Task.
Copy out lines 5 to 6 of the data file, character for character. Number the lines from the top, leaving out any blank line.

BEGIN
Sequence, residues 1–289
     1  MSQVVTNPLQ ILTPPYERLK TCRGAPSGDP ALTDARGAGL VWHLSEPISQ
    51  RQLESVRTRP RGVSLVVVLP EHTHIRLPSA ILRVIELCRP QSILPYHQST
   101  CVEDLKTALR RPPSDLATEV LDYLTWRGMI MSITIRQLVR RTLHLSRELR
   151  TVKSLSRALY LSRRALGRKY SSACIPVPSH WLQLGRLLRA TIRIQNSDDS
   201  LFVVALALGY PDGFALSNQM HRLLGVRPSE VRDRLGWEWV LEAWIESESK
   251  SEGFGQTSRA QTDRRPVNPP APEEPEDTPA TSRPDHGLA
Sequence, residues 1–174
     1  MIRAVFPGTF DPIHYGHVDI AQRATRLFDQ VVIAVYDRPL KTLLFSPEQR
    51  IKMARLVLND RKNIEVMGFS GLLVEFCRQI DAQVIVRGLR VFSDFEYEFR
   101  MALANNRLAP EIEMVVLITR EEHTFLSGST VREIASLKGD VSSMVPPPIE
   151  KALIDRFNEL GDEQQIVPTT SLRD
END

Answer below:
   151  TVKSLSRALY LSRRALGRKY SSACIPVPSH WLQLGRLLRA TIRIQNSDDS
   201  LFVVALALGY PDGFALSNQM HRLLGVRPSE VRDRLGWEWV LEAWIESESK